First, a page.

NEW YORK (CBSNewYork) – There’s still plenty of turkey trouble on Staten Island, where plans to relocate the wild birds haven’t been able to take flight.

They can be spotted walking in the crosswalk on Nugent Avenue and standing in front of the hospital, rooting for food.

Wild turkeys strut their stuff on Staten Island on Oct. 7, 2019. (Credit: CBS2)

Some resident relish their presence and capture the foul in the action. Others find these feathered friends creepy and want them gone.

“They just freak me out. I don’t like birds,” Bradley resident Allen Jacob told CBS2’s Vanessa Murdock.

He says he has to pass by turkeys “all the time.”

“Some of them are daring, you know? They fly at you. They spread their wings,” he said.

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“I lived six years down in Florida and we had alligators, so to have a turkey march around really doesn’t bother me that much,” Ocean Breeze resident Tracy Vosburgh said.

Wild turkeys strut their stuff on Staten Island on Oct. 7, 2019. (Credit: CBS2)

Bob Demarest says the big birds give the area a nice country feel, but there are some problems.

“When they kinda camp out in your trees and poop all over your yard, then it’s an issue,” he said. “It happens a lot here.”

His Mustang is covered in droppings.

Demarest says he wouldn’t mind seeing the population reduced by relocation, which was the plan.

The flock was supposed to be moved to And-Hof animal sanctuary in the Catskills using funding secured by City Council.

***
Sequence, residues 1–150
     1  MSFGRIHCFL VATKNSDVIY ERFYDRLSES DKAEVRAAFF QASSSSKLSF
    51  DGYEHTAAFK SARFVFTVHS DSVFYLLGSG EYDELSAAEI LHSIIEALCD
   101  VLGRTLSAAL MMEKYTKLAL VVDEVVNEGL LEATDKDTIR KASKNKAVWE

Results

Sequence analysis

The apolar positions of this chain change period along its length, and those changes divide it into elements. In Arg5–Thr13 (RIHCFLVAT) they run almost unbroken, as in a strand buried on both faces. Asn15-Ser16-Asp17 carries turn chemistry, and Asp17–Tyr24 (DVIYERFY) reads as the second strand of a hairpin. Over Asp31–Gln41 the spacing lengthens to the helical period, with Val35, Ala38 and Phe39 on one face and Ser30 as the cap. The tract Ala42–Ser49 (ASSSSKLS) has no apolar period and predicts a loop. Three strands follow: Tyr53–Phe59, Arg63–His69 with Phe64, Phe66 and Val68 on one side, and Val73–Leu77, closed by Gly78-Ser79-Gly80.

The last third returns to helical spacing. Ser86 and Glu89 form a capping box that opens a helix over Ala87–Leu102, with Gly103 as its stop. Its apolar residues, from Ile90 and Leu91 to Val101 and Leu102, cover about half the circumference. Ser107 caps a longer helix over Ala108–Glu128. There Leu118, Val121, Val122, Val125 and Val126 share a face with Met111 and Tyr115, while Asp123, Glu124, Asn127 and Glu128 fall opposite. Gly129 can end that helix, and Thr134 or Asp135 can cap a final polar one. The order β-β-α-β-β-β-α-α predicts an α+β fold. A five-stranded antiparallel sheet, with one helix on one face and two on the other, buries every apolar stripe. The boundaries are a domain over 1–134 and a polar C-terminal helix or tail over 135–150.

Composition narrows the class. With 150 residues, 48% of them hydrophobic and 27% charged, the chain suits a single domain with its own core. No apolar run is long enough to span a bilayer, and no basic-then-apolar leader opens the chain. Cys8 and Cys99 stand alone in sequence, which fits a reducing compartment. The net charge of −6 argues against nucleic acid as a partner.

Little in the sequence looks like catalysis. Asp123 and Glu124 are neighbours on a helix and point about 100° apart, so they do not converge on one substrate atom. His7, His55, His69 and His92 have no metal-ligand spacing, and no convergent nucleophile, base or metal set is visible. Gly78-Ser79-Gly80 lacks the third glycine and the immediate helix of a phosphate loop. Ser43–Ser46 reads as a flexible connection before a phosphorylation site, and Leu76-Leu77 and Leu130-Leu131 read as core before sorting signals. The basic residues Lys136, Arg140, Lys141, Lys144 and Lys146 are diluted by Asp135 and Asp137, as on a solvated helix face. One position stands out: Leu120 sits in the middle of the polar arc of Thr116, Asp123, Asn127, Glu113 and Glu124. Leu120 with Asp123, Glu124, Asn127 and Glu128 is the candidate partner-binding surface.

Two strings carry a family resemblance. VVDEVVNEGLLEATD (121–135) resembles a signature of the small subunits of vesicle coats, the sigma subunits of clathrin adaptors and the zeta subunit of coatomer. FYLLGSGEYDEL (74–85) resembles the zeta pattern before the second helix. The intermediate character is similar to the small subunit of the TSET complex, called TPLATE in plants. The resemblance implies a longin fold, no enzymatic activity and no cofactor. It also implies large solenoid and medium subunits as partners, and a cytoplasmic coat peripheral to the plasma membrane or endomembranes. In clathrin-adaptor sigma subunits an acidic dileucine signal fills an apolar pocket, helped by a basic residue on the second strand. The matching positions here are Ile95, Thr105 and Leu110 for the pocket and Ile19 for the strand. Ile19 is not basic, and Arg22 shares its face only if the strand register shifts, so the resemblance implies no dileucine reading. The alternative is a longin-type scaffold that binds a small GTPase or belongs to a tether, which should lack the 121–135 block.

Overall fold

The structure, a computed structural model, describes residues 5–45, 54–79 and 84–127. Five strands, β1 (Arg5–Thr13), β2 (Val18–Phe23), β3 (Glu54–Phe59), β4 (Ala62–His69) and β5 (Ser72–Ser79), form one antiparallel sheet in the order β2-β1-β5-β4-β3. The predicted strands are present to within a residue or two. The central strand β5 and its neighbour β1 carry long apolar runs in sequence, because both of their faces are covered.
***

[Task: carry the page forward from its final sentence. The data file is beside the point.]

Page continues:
“I don’t know what the hold up is. It’s a bunch of red tape,” Demarest said.

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Wild turkeys strut their stuff on Staten Island on Oct. 7, 2019. (Credit: CBS2)

According to the New York State Department of Environmental Conservation, the sanctuary was non-compliant in properly containing the turkeys on site, telling us And-Hof “must add overhead fencing to ensure the birds are no longer free to fly” or clip the wings.

“They stop traffic early in the morning, all day long, and they make a mess,” said Maria DeMeo, of Dongan Hills.

She says she’d like to see relocation happen “as soon as possible.”

CBS2 reached out to the owner of And-Hof and he was confident he’d have the necessary equipment in place in four to six weeks.

Council Minority Leader Steven Matteo reached out to the governor for help to break through what he calls a bureaucratic logjam. He says the turkeys are “unwelcome neighbors.”

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